Keep track of the number of times a particular score in rolled in the return value 'res' which should have length 6*numDice where each entry will be an integer containing the number of times a score was rolled matching the index of that entry. For example, if numDice=2, numRolls=3, and the simulator rolls a [1,1] and a [4,6], and a [5,5], res will look like this: [0,1,0,0,0,0,0,0,0,2,0,0]

Finally plot the resulting distribution of rolls inside the function with plot(res) and add appropriate labels and limits to the x and y axis. Make sure the y axis ranges from 0 to max(res) and the x axis ranges from numDice to 6*numDice.

b) Write the following function

function res = incrementRoll(roll)

This function will assist you in iterating through every possible combination of dice rolls by taking a roll and returning the next in the following series. It should support any length of vector 'roll' greater than or equal to 10. No error checking is necessary, not even for the end of the series. The series should mimic that of a car odometer, rolling over the next digit when the previous digit exceeds 6.

Here are some samples of the series for 3 dice:

input      result [1,1,1] > [2,1,1]

[6,1,1] > [1,2,1]

[6,6,5] > [1,1,6]

[5,6,6] > [6,6,6]

[6,6,6] > [1,1,7]

Do not worry about the last entry exceeding 6 as you will be careful not to call incrementRoll past the end of the series in the next part.

c) Write the following function

function res = calculateDiceStats(numDice)

Start by copying your function from part A and modify it to use your incrementRoll function to loop through all possible combinations of rolls instead of randomly generating the rolls. The total rolls it should calculate should be 6^numDice. Start with an initial roll of [1,1,1......] and increment to [6,6,......] with the incrementRoll function.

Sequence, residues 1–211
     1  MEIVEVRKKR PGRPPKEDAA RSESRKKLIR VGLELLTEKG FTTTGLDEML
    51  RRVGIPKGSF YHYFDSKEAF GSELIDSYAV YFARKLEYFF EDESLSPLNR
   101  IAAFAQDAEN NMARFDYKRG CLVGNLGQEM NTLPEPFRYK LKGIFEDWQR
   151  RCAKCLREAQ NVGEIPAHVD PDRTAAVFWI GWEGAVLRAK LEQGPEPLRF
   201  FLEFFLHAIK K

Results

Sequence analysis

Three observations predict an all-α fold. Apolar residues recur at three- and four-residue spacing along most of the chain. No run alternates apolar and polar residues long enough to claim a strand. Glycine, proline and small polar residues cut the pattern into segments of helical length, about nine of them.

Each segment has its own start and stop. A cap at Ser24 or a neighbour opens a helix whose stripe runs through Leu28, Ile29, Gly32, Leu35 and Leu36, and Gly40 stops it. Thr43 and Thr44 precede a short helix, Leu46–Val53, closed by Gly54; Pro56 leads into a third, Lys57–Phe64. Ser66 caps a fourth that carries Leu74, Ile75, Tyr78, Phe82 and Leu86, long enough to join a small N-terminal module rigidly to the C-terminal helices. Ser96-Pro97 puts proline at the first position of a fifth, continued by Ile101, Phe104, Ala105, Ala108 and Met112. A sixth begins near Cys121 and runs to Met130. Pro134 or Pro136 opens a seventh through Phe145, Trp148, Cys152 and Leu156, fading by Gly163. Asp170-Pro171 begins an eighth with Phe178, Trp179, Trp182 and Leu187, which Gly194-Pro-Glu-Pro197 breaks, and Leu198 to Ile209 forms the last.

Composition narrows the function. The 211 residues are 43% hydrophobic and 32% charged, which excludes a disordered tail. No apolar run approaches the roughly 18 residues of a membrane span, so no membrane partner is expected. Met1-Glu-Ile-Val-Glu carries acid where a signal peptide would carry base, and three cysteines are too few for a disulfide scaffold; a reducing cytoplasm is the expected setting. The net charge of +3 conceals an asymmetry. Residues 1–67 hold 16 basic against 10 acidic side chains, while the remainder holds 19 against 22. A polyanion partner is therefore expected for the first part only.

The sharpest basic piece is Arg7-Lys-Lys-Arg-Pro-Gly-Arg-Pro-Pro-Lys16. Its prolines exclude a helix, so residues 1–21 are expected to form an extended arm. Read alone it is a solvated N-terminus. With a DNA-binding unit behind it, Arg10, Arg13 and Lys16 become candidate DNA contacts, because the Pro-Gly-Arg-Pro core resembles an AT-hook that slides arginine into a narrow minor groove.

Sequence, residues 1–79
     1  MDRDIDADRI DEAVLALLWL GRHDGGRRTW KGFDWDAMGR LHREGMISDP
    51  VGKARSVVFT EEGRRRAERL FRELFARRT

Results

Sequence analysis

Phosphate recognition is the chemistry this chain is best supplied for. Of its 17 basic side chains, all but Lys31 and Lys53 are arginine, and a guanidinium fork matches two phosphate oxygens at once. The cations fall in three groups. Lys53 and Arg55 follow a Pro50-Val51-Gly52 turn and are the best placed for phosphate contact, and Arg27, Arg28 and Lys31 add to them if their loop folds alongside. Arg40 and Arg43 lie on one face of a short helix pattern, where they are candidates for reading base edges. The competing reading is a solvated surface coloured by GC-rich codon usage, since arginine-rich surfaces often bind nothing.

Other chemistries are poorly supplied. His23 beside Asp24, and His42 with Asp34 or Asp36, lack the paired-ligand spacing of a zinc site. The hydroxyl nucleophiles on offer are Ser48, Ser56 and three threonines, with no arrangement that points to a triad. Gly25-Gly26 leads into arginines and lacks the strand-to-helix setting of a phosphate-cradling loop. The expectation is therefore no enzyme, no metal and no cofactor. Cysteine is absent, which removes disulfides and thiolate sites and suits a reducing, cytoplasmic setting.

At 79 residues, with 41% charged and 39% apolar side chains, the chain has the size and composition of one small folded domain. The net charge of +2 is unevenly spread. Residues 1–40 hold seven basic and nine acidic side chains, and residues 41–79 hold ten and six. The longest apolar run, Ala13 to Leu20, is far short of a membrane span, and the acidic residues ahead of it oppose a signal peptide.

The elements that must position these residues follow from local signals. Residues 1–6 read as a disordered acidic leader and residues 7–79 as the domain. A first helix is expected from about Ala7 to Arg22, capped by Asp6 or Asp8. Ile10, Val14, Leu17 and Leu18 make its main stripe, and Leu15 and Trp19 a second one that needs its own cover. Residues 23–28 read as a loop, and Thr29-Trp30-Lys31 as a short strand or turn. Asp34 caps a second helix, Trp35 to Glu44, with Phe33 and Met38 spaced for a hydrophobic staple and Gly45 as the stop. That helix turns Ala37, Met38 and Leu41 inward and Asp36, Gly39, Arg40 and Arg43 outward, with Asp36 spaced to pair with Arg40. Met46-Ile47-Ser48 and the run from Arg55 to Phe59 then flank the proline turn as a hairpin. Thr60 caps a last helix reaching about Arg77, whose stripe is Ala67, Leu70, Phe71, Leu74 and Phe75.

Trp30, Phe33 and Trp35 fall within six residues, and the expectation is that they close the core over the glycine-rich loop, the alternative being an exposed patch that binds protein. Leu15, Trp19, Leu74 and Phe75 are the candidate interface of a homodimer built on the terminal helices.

As in part A, check that numDice is between 1 and 10 and plot the distribution of possible rolls after calculating res. Your resulting plots should be similar to the randomly generated distributions but smooth instead.

Problem 3: Use a stochastic iterative process to create a Sierpinski Pentagon

Nature-inspired materials and structures have received a lot of attention over the past couple of years, drawing from a field that frequently is referred to as biomimicry or biomimetics. Wikipedia provides the following motivation. “Over the last 3.6 billion years, nature has gone through a process of trial and error to refine the living organisms, processes, and materials on planet Earth. The emerging field of biomimetics has given rise to new technologies created from biologically inspired engineering at both the macro scale and nanoscale levels. Biomimetics is not a new idea. Humans have been looking at nature for answers to both complex and simple problems throughout our existence. Nature has solved many of today's engineering problems such as hydrophobicity, wind resistance, self-assembly, and harnessing solar energy through the evolutionary mechanics of selective advantages.” The